Baby Slings Recalled After Three Infant Deaths
More than one million baby slings made by Infantino have been recalled by the Consumer Product Safety Commission (CPSC) because they have been linked to three infant deaths.
The CPSC said that babies could suffocate in the recalled slings—the “SlingRider” and “Wendy Bellissimo”—and warned parents to immediately stop using them for babies under 4 months of age.
According to the CPSC, the slings pose the following two types of suffocation hazards:
- Particularly in the first few months of life when babies cannot control their heads, the sling’s fabric can press against an infant’s nose and mouth, blocking the baby’s breathing. The baby can suffocate in a minute or two.
- A sling keeps the infant in a curled position with the chin bent toward the chest. This restricts the airways, limiting the oxygen supply. The baby won’t be able to cry for help and will suffocate slowly.
The recalled slings were sold from 2003 through 2010 at such retailers as Target, Babies R Us and Burlington Coat Factory.
“The CPSC does a great job of protecting the public against the risk of injuries associated with consumer products,” says Personal Injury Attorney Howard Krepack, a partner with the firm of Gordon, Edelstein, Krepack, Grant, Felton & Goldstein. “But it is up to consumers to be proactive in order to keep themselves and their families safe from defective products and design defects. The CPSC’s website is a great place to start.”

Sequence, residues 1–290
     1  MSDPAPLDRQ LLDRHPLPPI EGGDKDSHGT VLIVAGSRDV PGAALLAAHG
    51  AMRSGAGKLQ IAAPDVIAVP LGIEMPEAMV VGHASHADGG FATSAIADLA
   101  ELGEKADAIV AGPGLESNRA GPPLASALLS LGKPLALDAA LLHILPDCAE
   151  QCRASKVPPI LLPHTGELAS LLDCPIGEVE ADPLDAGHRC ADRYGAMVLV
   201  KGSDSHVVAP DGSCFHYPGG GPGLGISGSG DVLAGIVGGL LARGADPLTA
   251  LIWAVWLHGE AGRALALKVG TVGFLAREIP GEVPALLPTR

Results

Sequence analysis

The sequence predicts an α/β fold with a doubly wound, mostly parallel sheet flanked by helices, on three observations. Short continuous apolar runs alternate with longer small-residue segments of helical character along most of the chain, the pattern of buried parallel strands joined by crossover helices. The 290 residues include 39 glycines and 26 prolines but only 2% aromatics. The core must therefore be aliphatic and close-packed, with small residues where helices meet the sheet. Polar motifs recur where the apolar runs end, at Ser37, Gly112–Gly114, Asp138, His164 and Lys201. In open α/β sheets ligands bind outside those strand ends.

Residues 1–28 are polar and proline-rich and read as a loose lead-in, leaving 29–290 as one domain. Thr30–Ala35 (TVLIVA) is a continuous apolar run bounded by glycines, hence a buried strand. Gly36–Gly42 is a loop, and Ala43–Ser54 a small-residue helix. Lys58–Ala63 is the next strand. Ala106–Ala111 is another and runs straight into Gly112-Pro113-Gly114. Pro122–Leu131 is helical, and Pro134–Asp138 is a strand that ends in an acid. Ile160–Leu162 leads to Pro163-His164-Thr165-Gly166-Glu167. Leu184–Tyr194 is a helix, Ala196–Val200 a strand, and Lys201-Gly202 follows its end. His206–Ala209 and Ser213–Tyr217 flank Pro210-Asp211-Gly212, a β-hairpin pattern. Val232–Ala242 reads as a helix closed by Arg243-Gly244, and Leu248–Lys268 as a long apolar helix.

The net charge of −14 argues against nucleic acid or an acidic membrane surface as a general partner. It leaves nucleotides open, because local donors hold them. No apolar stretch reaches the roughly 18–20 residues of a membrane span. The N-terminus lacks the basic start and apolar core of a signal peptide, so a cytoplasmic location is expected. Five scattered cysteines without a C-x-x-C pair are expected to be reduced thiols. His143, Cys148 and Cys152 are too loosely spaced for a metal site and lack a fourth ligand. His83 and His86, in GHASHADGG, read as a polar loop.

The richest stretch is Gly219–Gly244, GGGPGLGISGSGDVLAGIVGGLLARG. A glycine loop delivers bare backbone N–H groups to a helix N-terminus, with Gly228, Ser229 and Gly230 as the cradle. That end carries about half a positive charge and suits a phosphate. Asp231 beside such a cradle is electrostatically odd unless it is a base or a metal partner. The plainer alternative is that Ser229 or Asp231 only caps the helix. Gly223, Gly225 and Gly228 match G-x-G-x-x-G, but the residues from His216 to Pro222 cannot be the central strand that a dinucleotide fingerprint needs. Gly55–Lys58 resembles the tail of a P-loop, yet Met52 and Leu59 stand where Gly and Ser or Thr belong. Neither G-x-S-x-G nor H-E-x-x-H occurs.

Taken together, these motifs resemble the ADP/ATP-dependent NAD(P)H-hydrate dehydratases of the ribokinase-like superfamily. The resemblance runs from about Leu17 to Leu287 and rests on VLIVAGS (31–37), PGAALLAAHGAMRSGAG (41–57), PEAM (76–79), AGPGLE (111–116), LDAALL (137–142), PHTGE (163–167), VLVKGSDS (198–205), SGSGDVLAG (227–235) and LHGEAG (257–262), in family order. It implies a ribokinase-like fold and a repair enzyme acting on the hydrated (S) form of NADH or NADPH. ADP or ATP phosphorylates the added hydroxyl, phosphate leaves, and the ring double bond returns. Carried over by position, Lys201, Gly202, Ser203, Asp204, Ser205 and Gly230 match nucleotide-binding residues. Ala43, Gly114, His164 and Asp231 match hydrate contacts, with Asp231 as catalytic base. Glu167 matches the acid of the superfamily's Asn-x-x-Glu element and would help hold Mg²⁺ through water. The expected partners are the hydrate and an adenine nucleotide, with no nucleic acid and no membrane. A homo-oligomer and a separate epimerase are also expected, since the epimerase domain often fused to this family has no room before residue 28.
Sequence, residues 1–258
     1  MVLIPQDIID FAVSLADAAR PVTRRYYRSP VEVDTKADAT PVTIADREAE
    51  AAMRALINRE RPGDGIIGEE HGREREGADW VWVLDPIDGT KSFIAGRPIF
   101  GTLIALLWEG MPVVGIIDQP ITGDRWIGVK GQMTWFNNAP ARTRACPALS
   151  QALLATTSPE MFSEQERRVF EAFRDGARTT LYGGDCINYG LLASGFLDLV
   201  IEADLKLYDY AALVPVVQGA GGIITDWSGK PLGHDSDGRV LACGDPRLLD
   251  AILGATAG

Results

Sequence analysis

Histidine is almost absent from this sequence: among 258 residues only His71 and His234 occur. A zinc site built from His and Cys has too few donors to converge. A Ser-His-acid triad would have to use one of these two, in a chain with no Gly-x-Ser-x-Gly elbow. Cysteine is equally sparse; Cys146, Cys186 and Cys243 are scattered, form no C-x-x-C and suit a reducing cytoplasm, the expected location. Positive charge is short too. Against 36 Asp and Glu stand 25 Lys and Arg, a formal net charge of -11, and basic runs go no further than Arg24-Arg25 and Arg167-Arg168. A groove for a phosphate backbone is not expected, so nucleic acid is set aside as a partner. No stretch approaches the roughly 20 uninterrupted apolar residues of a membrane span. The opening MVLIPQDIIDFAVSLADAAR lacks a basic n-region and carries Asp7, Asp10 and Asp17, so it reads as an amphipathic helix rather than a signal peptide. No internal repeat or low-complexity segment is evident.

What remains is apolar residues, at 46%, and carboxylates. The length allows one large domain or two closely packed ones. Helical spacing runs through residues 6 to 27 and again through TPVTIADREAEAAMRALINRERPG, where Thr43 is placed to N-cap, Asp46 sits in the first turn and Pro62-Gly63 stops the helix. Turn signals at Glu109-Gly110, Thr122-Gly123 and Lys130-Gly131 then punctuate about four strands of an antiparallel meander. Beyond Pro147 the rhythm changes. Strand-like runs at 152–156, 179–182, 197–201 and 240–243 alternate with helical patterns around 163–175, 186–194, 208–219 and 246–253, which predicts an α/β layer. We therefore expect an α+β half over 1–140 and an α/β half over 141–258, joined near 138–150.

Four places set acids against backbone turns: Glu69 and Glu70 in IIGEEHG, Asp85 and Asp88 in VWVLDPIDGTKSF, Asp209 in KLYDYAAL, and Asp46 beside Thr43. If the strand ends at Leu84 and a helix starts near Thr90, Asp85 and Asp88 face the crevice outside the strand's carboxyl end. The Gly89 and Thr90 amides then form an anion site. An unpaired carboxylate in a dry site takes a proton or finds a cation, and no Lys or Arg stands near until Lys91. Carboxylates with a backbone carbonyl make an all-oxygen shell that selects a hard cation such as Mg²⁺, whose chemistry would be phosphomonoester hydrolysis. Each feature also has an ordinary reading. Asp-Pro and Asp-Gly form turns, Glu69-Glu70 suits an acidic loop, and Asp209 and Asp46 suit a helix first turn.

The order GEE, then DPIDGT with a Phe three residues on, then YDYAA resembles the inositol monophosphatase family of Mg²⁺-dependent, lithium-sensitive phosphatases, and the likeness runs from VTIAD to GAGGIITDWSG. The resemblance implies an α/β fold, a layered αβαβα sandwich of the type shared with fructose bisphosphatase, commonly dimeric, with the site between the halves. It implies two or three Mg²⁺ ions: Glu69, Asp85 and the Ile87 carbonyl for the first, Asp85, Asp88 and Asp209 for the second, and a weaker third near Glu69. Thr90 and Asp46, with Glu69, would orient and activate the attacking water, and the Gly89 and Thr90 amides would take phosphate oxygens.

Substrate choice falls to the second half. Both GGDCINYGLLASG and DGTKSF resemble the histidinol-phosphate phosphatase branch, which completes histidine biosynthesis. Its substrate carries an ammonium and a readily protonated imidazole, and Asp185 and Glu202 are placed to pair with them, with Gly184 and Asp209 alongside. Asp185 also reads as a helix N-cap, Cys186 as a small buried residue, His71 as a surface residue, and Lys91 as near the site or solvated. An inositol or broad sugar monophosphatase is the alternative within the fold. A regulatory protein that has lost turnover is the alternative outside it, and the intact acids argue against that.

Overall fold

The commission’s easily-navigable, well-organized website (www.cpsc.gov) includes details regarding recent recalls, case settlements, press releases and much more. You can even conduct your own research by date or product type, and sign up to receive e-mail announcements regarding recalls.
“As parents, we work so hard to keep our children safe, but these three deaths are a wake-up call for all of us to do our homework before purchasing and using products. The CPSC’s website has a ‘Most Wanted’ list, detailing defective products that proved lethal; it includes cribs and children’s toys.”
It took three deaths, but the CPSC has determined that a mandatory standard is necessary for infant sling carriers. While such a standard is being developed, the CPSC will work with ASTM International, one of the world’s largest voluntary standards development organizations, to develop an effective voluntary standard for slings. Presently there are no federal safety rules for baby slings.
Gordon, Edelstein, Krepack, Grant, Felton and Goldstein has had great success representing clients harmed by unsafe products. If you would like to talk to a Los Angeles attorney about your case, please contact us at 213-739-7000.